Last week the American Medical Association made international headlines by declaring racism an “urgent public health threat,” warning that it perpetuates health inequities and calling for systematic change to combat it.
“The AMA recognizes that racism negatively impacts and exacerbates health inequities among historically marginalized communities. Without systemic and structural-level change, health inequities will continue to exist, and the overall health of the nation will suffer,” said Dr. Willarda V. Edwards, an AMA board member, in a public statement.“Declaring racism as an urgent public health threat is a step in the right direction toward advancing equity in medicine and public health, while creating pathways for truth, healing, and reconciliation,” Edwards said.
The same week, the UNC System offered a first look at the work of its Racial Equity Task Force — results from online surveys of students, faculty and staff as well as information from virtual town halls.
At its first meeting the task force heard a report on Diversity, Equity and Inclusion survey results that found the system falling below its benchmarks. In fact, the results were worse than those from 2018.
When the task force was launched, board chairman Randy Ramsey and UNC System Interim President Bill Roper emphasized the importance of its work after Minneapolis police killed George Floyd and the mass demand for reform that followed. “George Floyd died a horrible, violent, and unjust death at the hands of a white police officer,” Ramsey and Roper wrote in the statement. “This immoral and indefensible act cries out for justice and compels all of us fully to recognize and grapple with our country’s history of racism and oppression that has so often resulted in violence. As members of the University community, it is our obligation and responsibility to do the hard work needed to address inequities in the UNC System for the benefit of students, faculty, staff, and all North Carolinians.”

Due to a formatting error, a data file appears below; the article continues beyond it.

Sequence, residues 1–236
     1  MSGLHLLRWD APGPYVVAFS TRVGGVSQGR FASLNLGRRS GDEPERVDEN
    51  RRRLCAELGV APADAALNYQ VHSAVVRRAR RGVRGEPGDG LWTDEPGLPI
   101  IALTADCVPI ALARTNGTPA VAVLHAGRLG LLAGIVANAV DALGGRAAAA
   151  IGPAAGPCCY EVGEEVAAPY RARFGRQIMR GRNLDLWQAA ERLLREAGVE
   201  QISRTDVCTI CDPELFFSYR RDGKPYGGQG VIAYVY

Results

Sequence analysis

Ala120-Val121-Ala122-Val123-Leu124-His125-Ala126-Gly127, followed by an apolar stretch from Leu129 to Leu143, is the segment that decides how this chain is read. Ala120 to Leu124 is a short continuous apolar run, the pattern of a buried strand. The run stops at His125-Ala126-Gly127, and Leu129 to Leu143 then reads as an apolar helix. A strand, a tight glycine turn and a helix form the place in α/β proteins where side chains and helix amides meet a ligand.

Since then, however, Republican sentiment on race equity work has turned sharply negative at the state and national level — particularly with regard to the “history of racism and oppression that has so often resulted in violence” Ramsey and Roper cited. In August, President Donald Trump threatened to cut federal funding to schools that teach The New York Times Magazine’s 1619 project. He also had the federal Office of Management and Budget prohibit departments from using federal funds for executive branch staff training that includes critical race theory and the concept of white privilege as a component of systemic racism in the history of the United States and in contemporary life. That ban was later expanded to include federal contractors.
“Instructors and materials teaching that men and members of certain races, as well as our most venerable institutions, are inherently sexist and racist are appearing in workplace diversity trainings across the country, even in components of the Federal Government and among Federal contractors,” an executive order on the matter read. “Americans should be taught to take PRIDE in our Great Country, and if you don’t there’s nothing in it for you!” Trump tweeted on the decision.